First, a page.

Recently, I read this post by my favorite author, Tosca Lee. In it, she reminds us that God is the God of the Unlikely. It's a simple, thoughtful post about how life sometimes turns out differently than you expect and how that can be such a good thing. To have my all-time favorite author pen words that have cut to the quick of my wonderings is a relief and an encouragement.
I've been reflecting on her post. I know that God is a God of miracles. I am evidence of that very thing, having been born three months early and weighing 2lbs, 9oz just over 45 yrs ago -- survival rate with those conditions was nearly unheard of at that time. (Good grief, I just announced my age to the www! Ack!). But Tosca has put it in such a way to make me think about this with a different perspective. I needed to hear this because to think of God as the God of the Unlikely, well, it reassures me in an area that I keep hidden from most people I know.
Why does it resonate? Well, I'll tell you. But I must warn you that it's about to get all personal up in here on the ol' blog. If you are at all squeamish about someone else's vulnerability . . . you may want to click out and wait for the next post.
I'm just sayin'.
I've never been a terribly confident person. There are areas, of course that I am confident and I feel good about. But overall, I am a bundle of insecurities. In fact, some days they seem to rule my every action.
Especially after my divorce.
That event took pieces of me that I am still trying to regain. It humbled me. It gave me a new, more compassionate perspective. It also lead to a deeper relationship with my Savior that I will never trade for anything: not even my old life back. Those are the good things I gained.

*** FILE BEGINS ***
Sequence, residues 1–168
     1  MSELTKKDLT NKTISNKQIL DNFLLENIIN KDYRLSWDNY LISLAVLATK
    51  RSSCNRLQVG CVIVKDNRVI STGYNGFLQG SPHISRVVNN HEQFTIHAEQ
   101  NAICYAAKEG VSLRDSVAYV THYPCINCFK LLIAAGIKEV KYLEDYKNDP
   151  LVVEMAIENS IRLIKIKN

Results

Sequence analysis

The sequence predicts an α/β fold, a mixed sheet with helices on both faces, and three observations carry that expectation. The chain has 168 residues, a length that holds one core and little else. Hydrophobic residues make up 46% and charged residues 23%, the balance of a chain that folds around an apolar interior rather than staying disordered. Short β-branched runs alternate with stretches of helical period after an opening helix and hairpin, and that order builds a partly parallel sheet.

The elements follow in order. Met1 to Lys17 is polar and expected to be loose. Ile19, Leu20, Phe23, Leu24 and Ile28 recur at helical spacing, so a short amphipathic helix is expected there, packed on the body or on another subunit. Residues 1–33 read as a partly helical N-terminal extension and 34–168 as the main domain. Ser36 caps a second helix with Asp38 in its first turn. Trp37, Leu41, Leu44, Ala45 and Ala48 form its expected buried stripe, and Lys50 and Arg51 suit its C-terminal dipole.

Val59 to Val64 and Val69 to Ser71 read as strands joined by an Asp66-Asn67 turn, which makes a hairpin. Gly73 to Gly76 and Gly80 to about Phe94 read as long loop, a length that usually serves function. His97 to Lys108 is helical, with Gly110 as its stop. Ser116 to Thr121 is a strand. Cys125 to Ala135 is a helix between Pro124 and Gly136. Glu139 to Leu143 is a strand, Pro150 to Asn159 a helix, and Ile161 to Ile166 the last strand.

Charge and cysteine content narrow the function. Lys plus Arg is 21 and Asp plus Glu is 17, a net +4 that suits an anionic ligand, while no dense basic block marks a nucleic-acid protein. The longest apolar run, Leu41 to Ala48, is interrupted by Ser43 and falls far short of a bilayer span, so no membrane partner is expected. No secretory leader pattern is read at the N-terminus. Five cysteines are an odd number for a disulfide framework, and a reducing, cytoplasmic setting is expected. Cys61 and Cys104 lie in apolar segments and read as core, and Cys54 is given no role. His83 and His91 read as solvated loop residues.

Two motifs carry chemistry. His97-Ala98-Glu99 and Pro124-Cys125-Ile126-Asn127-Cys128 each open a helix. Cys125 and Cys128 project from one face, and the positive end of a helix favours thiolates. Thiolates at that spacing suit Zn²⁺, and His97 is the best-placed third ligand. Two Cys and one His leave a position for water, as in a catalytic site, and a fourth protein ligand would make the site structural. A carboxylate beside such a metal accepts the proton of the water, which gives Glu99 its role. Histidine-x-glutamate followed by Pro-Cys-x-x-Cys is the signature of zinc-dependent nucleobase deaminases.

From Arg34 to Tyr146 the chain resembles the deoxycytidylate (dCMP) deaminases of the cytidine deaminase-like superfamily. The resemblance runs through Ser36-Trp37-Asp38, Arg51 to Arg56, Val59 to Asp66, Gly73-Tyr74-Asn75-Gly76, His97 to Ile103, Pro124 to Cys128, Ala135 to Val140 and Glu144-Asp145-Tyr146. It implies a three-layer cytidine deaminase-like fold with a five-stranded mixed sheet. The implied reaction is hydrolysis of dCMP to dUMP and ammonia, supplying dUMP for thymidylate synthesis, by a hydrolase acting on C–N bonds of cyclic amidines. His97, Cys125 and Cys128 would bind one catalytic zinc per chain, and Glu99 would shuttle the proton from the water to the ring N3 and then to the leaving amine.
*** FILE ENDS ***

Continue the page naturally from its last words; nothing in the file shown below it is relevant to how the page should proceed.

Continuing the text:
But I lost, for lack of a better term, "the fairy tale ending."
It was bound to happen. No one's life is a fairy tale, of course. It would be exhausting to live that way, anyhow, wouldn't it? After adjusting to the reality of married life, the piece of the fairy tale that I had left was growing old with my husband. The Bible talks about men cleaving to their wives and loving their wives of their youth. I lost that man. The man I thought I would grow old, fat and sassy with.
Instead, I have just grown old(er), fat and sassy. No use denying it. It is what it is, dear reader.
This has lead to my questioning the idea of ever growing old with anyone. Ever being the kind of person who will be accepted for exactly who I've become, baggage and all. The idea of having a best friend witness my life for all its ups and downs, wrinkles and vulnerabilities and still remain faithful; still love me anyway.
(Please hear my heart, this post is not a plea for compliments and reminders to be patient. It is an acknowledgement of a heart issue. )
Certainly, this is not the most important thing in life. There are many things of greater importance, of course. But it's a God-given desire and I am not ashamed of it, though it does leave me feeling terribly vulnerable to express it here.
So what am I taking away from all of this? I am going to hold on to the promise of Ephesians 3:20:
"Now unto him that is able to do exceedingly abundantly above all that we ask or think, according to the power that worketh in us."
He is able. Does this mean I will find real, lasting spousal love? Not necessarily, because a spouse is not God's plan for everyone. But there is the promise of more, of better than what I had or cold dream of, the promise of faithfulness that my heart desires so much. And if that love only comes from God Himself, I am learning to become good with that. Content.
My God is a big God: The God of Miracles.
The God of Second Chances.
The God of the Unexpected.
And now, thankfully I realize
He's The God of the Unlikely.